MOLLY BLOOM: Did you keep these after you examined them?

TARA: Mm-hmm, and then we try and spray them with water so they will stay alive a little longer so we can continue doing experiments with them.

MOLLY BLOOM: That's really cool. So what have you found during your experiments?

TARA: Well, that it's really hard to get the seeds out of the tomato to do separate experiments on them. And we are wondering if we combine seeds, could we make another plant. But in sunflowers, there's these little bells on the outside with black seeds in them.

So what we did, is we cut open a sunflower seed. And then we took the inside out. And then we stuffed one of the black ones in there, and closed it again, and planted it. So I'm wondering, even since they both grew on the sunflower, would that make a difference or not?

MOLLY BLOOM: So you'll have to wait till the spring, then, to see?

TARA: Yes.

MOLLY BLOOM: I'll be interested to hear what you find then.

TARA: Mm-hmm.

MOLLY BLOOM: It seems like you guys spend a lot of time just sort of exploring what's around you.

TARA: Yeah, in the summer, we were out there together like maybe eight hours a day. And then even now, we're still out for like four hours a day.

MOLLY BLOOM: That's really cool. I think MJ Hatfield would be really excited to hear about your exploration.


Now back to the mystery sound. Are you ready? Are you sure?

TARA: Yes.

MOLLY BLOOM: Are you 100% sure? All right.

TARA: I am guessing it is not actually a train even though we didn't talk about them or anything. [LAUGHING]

MOLLY BLOOM: Here it is.


All right, you've heard it a second time. Any other guesses?

TARA: Well, I don't know specifically, but I'm guessing since we're talking about communicating, it involves a communication between one thing and another--

MOLLY BLOOM: That's a good guess.

TARA: --which is why I said a train whistle at first because that's how you hear them coming.

MOLLY BLOOM: Definitely, yeah, I mean, that is the way that trains communicate with people, like get out of my way. But you ready to find out the answer?

TARA: Yes.

MOLLY BLOOM: Producer Sanden Totten is here with Marty Wohl to reveal the answer. Here's Marty.

MARTY WOHL: What we're hearing is the reflections of meteors that are hitting the Earth's atmosphere.

SANDEN TOTTEN: Meteors are rocks from space that fly into the Earth's atmosphere. When it's dark out, you can see them. They look like comets blazing through the sky. But when it's light out, you can't see them very well. So how are we hearing them?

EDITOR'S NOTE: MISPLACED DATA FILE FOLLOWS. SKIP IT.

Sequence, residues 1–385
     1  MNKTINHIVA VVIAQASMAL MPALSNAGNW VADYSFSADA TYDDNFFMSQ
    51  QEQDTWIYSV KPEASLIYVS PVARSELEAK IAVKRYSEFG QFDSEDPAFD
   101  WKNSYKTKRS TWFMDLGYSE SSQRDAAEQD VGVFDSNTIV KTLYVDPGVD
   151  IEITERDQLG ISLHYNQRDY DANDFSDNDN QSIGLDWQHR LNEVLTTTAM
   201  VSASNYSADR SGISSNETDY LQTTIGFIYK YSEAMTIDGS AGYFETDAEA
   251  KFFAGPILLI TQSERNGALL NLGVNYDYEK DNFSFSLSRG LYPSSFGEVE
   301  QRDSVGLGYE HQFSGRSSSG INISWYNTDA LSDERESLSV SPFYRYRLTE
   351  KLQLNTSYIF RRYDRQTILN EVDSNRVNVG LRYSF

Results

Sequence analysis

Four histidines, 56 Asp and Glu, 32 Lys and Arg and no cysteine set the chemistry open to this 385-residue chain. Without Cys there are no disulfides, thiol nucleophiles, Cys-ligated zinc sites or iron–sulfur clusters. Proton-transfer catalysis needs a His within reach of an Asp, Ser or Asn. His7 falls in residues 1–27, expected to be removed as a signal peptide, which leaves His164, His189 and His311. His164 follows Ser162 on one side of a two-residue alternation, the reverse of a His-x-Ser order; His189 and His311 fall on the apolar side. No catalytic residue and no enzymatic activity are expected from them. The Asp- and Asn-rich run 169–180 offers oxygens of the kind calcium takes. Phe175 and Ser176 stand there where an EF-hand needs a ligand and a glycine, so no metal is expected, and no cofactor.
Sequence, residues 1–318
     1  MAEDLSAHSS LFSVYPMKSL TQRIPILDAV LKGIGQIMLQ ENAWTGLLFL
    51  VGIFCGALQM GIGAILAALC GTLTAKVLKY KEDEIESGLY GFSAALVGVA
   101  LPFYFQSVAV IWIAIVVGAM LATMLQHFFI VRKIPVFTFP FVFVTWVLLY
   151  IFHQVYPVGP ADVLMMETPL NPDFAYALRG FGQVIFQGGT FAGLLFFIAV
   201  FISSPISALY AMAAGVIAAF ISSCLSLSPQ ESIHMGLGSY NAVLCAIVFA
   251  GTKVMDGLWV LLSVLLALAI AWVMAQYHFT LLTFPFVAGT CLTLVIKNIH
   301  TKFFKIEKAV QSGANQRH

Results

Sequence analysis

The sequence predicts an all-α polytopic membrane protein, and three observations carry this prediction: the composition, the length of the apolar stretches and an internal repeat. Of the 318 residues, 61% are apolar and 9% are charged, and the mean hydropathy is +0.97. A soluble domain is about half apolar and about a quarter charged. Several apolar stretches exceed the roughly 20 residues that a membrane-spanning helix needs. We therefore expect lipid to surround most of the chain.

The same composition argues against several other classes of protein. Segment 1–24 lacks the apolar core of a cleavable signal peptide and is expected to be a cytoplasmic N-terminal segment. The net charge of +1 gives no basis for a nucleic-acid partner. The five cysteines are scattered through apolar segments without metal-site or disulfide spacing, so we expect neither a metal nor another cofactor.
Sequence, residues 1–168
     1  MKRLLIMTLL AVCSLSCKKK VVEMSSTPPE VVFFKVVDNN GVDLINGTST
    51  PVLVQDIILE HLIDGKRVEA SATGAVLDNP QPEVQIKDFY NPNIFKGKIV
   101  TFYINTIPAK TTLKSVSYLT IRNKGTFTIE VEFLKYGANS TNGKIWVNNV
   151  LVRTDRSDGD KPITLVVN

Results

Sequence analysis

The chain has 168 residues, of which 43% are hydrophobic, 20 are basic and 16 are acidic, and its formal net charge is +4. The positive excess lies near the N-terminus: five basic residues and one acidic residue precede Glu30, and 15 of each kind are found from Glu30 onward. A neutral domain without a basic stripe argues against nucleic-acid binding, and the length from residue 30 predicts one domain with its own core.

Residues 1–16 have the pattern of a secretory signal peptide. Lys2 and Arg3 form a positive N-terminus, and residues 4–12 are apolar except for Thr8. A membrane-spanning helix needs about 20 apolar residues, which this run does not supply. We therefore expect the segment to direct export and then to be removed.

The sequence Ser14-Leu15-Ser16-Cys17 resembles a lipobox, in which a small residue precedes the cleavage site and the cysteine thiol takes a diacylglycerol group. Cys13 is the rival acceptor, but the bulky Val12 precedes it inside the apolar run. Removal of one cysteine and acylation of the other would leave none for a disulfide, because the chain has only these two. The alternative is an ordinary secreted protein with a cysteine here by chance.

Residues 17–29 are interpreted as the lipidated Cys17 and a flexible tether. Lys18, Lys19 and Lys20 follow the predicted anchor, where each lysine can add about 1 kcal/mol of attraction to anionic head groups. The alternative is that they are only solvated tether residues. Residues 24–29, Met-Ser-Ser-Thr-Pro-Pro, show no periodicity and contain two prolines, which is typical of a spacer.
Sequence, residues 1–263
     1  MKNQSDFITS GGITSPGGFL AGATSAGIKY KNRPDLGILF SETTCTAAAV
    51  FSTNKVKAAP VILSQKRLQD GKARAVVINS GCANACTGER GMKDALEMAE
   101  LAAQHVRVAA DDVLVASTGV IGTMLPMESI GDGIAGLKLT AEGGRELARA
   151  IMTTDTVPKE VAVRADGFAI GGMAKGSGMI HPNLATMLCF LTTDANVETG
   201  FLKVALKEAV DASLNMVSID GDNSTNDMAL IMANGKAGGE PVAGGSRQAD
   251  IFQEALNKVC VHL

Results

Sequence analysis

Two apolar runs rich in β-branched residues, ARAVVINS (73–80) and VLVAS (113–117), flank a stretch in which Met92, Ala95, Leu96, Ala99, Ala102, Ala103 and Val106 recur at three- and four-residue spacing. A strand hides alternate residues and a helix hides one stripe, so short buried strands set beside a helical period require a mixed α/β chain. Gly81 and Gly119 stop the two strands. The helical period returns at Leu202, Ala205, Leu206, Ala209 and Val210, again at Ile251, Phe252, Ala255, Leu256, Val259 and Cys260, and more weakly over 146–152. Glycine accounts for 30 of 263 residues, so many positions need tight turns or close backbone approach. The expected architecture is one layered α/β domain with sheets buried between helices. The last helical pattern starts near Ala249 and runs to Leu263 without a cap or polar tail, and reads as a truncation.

MARTY WOHL: In this case, we have radar stations around the country that send out radio waves. And if something bounces back, it tells them there's an object there. Typically an airplane or something like that.

When meteors enter our atmosphere, they create a trail of ionized gas. And those ionized gases have the ability to reflect and bend radio waves. The radar hits the meteor and the gas, and it bounces that signal back. So actually instead of seeing the meteors on a radar screen, we're actually hearing the signals coming back to the originating station.


SANDEN TOTTEN: So OK, we're hearing the sound. It sounds like static. But then there's a little whistling.

MARTY WOHL: Right, background noise is everywhere. You have to filter that out. It's just those little pings coming back.

SANDEN TOTTEN: So what we're listening to was a radio wave that had bounced back off a meteorite and then come down to make that whistling noise, that [WHISTLING].

MARTY WOHL: That's exactly right.

SANDEN TOTTEN: That's so cool. So when we're listening to these files, we're hearing a radio that's turned on, and it's just picking up natural sounds in the environment?

MARTY WOHL: That's right. We're hearing a receiver. Some of these recordings were made by radio observatories which have very, very big antennas and very sensitive equipment. Not the kind of thing you'd find in somebody's home.

Just like a very sophisticated telescope can pick up great images from ours and other galaxies that we can't see with the naked eye, a good receiver and a good antenna can pick up radio signals that we couldn't otherwise tell were there. That's part of the fun of science is finding things that we didn't know were there.